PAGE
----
This weekend was alternately really good and kind of bad. We'll discuss the bad parts first so we can end on a high note. The only bad thing about this weekend, besides the fact that I came home with more beer than I started with AND I did not manage to stay drunk the entire weekend, was the sleeping arrangement. I was put on the futon in the living room. The futon was nice and it was nice to be able to stretch out however sleeping in the living room meant that I had to wait for everyone else to sack out before I could crash AND it meant that any time someone went in to the kitchen they would disturb my slumber. This is honestly not a big deal, although the person who felt the need to get ice water could have shown some common courtesy and skipped the whole ice cracking thing, and avoiding sleeping in a smaller than James sized bed was worth the trade-off. The time this trade-off was not worth it was when, on Sunday morning, one of the girls decided she needed to read her Harry Potter book at six in the fucking morning and to do this she had to turn on the kitchen lights. Since the kitchen, living room, and dining area were all one big space this really meant that she was turning on one third of the lights where I was sleeping. Seriously, what the fuck makes you think this is okay? I could buy the excuse that she did not know I was sleeping in there until I woke up and made some noise except for the fact that according to Nikki and others I am not a quiet sleeper. Even so, we will give her the benefit of the doubt and say that I was ninja-like in my sleep that night. Once she knew that she had woken me up she should have packed up her shit and gone back to her room, or outside, or something and let me get back to sleep. She didn't. Her compromise was to turn off the overhead light in the kitchen and take one of the lamps to the other side of the room. This reduced the ambient light in the room by an insignificant amount and at this point she had been rattling around long enough that it did not matter. I was awake and there was no chance of me getting to sleep again before people starting fucking around. At this point I was so fucking pissed off at the girl that I opted to pack the car and leave rather than stick around and be dickish and snappy at people. Too bad because Scott was doing pancakes and they would have gone down much better than the sausage, egg, and cheese biscuits I had on my way home AND I had wanted to stop at the LSFM Sunday before heading out, but since I was on the road by seven in the morning I did not bother to stop by.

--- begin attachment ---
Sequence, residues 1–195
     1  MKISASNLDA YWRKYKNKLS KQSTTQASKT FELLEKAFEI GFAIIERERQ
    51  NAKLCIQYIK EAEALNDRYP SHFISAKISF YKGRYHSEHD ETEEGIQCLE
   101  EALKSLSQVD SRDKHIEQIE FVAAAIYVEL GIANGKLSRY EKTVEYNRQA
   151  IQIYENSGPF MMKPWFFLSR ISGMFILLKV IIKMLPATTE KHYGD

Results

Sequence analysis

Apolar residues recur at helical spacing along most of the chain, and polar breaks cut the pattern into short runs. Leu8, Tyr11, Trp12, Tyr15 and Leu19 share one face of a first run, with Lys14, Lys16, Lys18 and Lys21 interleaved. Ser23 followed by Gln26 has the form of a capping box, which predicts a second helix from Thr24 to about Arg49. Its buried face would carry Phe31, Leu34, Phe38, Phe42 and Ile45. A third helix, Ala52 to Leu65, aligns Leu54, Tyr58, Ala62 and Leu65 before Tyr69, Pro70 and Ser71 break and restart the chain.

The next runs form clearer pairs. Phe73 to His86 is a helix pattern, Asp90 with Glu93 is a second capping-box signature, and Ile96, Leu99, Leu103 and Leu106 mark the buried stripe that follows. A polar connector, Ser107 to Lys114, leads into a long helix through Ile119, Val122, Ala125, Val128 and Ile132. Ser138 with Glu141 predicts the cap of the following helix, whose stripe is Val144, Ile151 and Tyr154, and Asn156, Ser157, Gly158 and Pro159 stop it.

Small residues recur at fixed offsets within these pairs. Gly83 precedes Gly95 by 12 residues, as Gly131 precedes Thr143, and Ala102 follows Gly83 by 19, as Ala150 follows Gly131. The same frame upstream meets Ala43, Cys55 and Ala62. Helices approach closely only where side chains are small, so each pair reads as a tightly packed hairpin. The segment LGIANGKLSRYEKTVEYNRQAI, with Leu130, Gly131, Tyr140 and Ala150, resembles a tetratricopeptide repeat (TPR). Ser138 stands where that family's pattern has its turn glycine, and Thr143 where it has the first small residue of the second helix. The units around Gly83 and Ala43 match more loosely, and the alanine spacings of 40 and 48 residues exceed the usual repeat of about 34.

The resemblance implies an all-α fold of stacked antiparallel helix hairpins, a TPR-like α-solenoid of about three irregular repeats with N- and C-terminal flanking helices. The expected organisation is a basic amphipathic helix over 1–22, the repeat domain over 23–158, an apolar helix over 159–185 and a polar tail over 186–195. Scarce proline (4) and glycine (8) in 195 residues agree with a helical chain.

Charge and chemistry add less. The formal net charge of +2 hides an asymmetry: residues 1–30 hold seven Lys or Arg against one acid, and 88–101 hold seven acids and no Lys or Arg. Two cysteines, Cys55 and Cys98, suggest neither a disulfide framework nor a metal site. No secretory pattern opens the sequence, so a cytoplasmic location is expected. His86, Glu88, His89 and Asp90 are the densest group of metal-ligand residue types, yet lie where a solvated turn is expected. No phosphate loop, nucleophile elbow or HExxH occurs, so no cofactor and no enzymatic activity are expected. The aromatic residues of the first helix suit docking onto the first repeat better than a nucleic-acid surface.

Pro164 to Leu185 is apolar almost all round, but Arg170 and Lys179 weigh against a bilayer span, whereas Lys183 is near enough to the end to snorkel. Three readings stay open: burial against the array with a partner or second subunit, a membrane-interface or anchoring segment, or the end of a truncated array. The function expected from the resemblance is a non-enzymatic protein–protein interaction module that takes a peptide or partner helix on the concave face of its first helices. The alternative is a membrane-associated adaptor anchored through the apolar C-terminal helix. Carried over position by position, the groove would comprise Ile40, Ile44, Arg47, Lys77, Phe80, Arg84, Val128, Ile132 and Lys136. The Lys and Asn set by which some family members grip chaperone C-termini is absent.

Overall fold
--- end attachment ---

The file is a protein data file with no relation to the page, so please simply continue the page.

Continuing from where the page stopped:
The good parts about this weekend? Pretty much everything else. The house was pretty cool and way the hell down Galveston Island. I think this is the furthest I have driven down the island with the exception of one of mine and Nikki's trips to Galveston (for her birthday if I recall correctly.) I got there much later on Friday than I intended too because of this bitch paralegal and her inability to do shit right, but once I got there the fun began and it did not end until sometime on Sunday. I got to hang out with friends that I do not get to see that often plus some of my friends who I see all the time. Saturday was a fairly lazy day with Heidi cooking super spinachy quiche's for breakfast and then people doing their own thing. I got some reading done in The Children of Hurin, I think I might have taken a nap, waded in the ocean, and just hung out until a group of us decided it was time to go into Galveston proper to visit Col. Bubbie's. Now Col. Bubbie's is a place that childhood dreams are made of. It is a jumbled maze of military surplus items from all over the world. Along side the requisite redneck fashion t-shirts you can find Red Army mess kits from WWII, dress jackets made for the British Army, leather jackets from Italian motorcycle police, de-miled hand grenades, helmets of all sorts, entrenching tools, great coats, boots, caps, ammo pouches, Jerry cans, and anything else you can think of all wrapped in a vaguely musty and moth ball ridden smell. All of this material is thrown together in a haphazard maze which I could happily spend hours exploring.
When I was a kid my mom and some of her college friends used to get together and rent a condo for a long weekend on Galveston during the summer. One of the things I insisted we do each year was to check out Col. Bubbie's. I could spend HOURS in there as a child. I remember two of the things I always wanted from there were a decent pair of combat boots and a tankers helmet with the goofy ear pieces. I never got either, although I did spend some time trying on the tanker's helmets this weekend. If I had found one that fit well enough I totally would have bought it and worn it around the house. Maybe even taken it in to work just to mess with people.